I saw it all in the matter of a week, a woman walking her Yorkie, a teen with his boxers hanging out as he pedaled his bike through town, a business man racing his Porsche through a roundabout…and every one of them looking down, each enlisting at least one hand and both eyes to rattle out some kind of message on smart phone while the real world blurred around them. Thankfully, no one crashed into anything in the process.

On my birthday this summer, I made a quick list of the happy things that make up my everyday dream life. I jotted down things like daily writing and reflection, reading with my husband, a clean house, a flourishing edible garden, farmers’ markets, being kind, patient, playful and generally attentive with the kids, daily family devotions and Scripture memory, making music, taking in art, rubbing shoulders with mover/shaker creatives, vulnerable and honest friendships, hiking, cycling and exploring outdoors…and hot tea for good measure. Somehow “more time on electronic devices” didn’t make the list.

When I laid my eyes on the three ring circus of dog walker, bike rider and Porsche driver, I saw our culture in its underpants, the absurdity of it all. But then there’s me acting a slave to the gadgets myself, frittering away precious moments and potential productivity that could be put toward daily tasks and creative projects when I instead go on autopilot checking texts, emails, newsfeeds, and getting lost in the Internet. My commitment to media leaves so little room for the things that make up my dream life.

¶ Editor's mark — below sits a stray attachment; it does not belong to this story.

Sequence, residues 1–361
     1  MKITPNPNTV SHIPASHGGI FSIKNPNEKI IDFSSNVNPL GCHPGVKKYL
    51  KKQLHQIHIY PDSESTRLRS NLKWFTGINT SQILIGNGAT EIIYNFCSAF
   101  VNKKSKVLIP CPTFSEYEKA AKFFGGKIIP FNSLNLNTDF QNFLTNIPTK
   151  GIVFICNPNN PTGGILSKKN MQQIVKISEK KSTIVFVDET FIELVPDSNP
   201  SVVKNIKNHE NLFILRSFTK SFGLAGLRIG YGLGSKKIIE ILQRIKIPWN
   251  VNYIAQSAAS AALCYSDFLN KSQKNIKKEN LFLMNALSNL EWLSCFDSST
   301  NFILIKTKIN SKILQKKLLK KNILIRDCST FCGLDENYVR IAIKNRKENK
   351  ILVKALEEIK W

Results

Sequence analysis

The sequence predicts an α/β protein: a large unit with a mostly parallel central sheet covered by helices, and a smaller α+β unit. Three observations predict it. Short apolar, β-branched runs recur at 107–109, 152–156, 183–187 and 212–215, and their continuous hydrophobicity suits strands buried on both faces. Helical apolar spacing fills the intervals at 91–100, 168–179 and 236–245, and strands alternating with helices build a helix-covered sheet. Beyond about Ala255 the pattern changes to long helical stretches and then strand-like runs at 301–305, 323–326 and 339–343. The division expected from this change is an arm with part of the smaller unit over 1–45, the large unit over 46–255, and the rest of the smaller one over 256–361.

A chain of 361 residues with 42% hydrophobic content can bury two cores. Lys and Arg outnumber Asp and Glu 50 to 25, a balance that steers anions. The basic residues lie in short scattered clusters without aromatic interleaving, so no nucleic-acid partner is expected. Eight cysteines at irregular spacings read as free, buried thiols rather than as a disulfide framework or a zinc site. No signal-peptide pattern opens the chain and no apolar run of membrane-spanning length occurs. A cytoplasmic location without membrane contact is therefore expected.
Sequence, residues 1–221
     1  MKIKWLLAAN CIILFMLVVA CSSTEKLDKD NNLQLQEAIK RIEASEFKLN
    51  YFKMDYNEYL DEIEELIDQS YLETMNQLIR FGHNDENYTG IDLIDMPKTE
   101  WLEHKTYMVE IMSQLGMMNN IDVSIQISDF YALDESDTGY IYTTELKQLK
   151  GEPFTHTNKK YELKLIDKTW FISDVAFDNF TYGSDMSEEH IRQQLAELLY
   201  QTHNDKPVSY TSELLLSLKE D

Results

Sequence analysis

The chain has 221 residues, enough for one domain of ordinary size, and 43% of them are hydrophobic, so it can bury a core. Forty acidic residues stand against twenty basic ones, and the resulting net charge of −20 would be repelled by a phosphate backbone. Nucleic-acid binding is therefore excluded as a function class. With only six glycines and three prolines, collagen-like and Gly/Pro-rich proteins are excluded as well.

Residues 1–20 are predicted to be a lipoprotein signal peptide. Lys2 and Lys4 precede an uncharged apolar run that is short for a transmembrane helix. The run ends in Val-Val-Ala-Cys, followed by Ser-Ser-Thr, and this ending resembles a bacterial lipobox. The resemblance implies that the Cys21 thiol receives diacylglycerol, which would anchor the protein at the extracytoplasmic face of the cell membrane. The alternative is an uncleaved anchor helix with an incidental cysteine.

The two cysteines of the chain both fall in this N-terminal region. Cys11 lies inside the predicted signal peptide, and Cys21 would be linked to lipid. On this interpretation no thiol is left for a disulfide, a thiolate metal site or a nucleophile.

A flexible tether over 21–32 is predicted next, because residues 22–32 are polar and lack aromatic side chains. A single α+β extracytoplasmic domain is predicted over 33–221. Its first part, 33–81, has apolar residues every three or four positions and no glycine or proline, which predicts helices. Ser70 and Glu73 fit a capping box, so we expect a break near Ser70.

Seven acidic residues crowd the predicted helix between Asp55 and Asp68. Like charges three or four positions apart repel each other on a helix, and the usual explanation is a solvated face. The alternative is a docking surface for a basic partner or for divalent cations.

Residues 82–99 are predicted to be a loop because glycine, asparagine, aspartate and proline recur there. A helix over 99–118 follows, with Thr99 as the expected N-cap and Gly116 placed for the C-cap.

I’d like to spend the next month thinking on this, exploring the benefits and drawbacks of the digital life and finding ways to live more authentically and tangibly in this virtual age.

I’ll be writing shorter posts to allow both of us, reader and writer, to spend more time with the real people and things around us. Scratch that–I can’t seem to write a post under 900 words. 😉 In each post, I hope to offer a creative idea for something to do instead of plugging into the matrix that moment. This isn’t to say that we won’t plug in at all. Technology offers us many wonderful ways to expand our thinking and our relationships (even here!) but I hope that together we can become more observant of our own habits and of the world around us so that we end up using the technology without it abusing us.

What’s your biggest challenge with technology and social media? What elements of your dream life is it clouding?

{I’m linking up with Nester for her annual 31 Days blog get together. Don’t want to miss this series? Be sure to subscribe by entering your email in the box on the homepage sidebar. Find all posts in the series here.}